Subject Re: [firebird-support] charset question
Author Helen Borrie
At 05:42 PM 12/12/2003 +0800, you wrote:
>I have an existing field in a table that its charset is set none. This
>field is use for input chinese characters or alphanumeric character.
>What will happen if I change this field charset to GB_2312? What will
>happen to the chinese characters in it?

They will still be output as garbage. Character set NONE doesn't support
2-byte characters. There is something you can try, to recover the data.

>Any chinese programmer here? I have a application where in the user
>input chinese character, after that the application could export it to
>excel. I using NJ Star Communicator to input/view chinese character.
>Everthing works fine under english windows enviroment until one day the
>excel file produce by the application can not be very correctly under
>chinese windows. The chinese characters where like garbage characters
>instead. Why? Has the charset has something to do with this?

Yes. It's possible that some of your Chinese character data might have
been truncated...but...if you want to experiment with something, take a
backup of the database and restore it somewhere safely away from the main
database. Work on the restored copy. If it won't restore (because of
transliteration errors) then shut down the server and make a file copy to
work on instead.

Pick a table that has one of these problem varchar columns.

Alter the table, by adding two new columns, each having the same number of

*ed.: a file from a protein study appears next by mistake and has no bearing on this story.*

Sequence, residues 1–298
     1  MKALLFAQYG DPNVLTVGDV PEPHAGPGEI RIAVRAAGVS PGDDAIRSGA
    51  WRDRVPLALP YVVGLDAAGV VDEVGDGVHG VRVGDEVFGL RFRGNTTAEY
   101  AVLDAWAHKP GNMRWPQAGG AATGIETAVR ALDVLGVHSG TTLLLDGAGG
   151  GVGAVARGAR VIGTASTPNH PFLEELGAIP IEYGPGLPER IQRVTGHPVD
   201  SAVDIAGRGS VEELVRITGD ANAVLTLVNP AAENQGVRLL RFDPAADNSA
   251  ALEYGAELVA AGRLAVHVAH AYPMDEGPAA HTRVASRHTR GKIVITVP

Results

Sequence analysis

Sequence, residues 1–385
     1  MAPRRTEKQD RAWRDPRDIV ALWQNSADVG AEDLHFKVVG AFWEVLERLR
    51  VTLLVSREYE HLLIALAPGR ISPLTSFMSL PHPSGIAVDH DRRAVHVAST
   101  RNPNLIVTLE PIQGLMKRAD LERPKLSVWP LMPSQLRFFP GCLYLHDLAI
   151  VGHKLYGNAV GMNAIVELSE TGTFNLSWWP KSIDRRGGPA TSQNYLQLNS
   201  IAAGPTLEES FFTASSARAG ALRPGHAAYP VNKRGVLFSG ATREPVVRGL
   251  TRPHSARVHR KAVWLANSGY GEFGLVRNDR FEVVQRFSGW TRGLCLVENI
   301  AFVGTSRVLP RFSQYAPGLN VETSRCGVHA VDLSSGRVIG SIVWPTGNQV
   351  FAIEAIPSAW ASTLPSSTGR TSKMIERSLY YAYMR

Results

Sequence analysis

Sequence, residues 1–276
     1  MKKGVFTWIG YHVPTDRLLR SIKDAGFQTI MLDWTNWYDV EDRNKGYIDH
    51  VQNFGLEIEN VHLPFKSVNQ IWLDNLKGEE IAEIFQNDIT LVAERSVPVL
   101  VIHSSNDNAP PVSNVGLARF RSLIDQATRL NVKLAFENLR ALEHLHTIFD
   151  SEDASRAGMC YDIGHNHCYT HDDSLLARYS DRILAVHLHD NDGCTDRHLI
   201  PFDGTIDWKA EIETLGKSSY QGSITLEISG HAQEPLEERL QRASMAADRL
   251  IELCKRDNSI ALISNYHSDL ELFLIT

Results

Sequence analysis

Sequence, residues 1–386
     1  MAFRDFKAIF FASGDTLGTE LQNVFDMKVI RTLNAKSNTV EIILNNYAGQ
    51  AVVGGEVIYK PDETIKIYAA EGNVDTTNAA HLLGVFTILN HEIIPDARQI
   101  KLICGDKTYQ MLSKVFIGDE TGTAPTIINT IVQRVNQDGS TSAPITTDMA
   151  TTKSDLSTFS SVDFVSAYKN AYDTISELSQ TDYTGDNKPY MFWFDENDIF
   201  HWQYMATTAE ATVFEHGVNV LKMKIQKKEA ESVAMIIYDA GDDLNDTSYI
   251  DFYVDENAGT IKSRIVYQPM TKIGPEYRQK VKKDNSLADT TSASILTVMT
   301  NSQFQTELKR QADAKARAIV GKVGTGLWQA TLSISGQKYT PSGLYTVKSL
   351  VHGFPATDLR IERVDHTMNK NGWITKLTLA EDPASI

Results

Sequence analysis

characters, same number of characters as the problem column: one as
character set OCTETS, the other as character set GB_2312. Suppose the
problem column is charcol varchar(40):

alter table yourtable
add oct varchar(40) character set OCTETS,
add gb2 varchar(40) character set GB_2312;
update yourtable
set oct = cast(charcol as varchar(40) character set OCTETS)
where badcol is not null;
update yourtable
set gb2 = cast(oct as varchar(40) character set GB_2312)
where oct is not null;

At this point, run some test output from yourtable to see how the data in
gb2 looks to your excel application. If it's OK, then do
alter table yourtable
drop charcol,
drop oct;
alter table yourtable
add charcol varchar(40) character set GB_2312;
update yourtable
set charcol = gb2;

Test charcol. If all is OK, you can then drop gb2.

If you keep the database having character set NONE, you will have to cast
every input to the character columns that need to take Chinese
characters. If most or all of them need to be GB_2312, then consider
rebuilding the database with the correct default character set. Clients
will then need to connect using the same character set.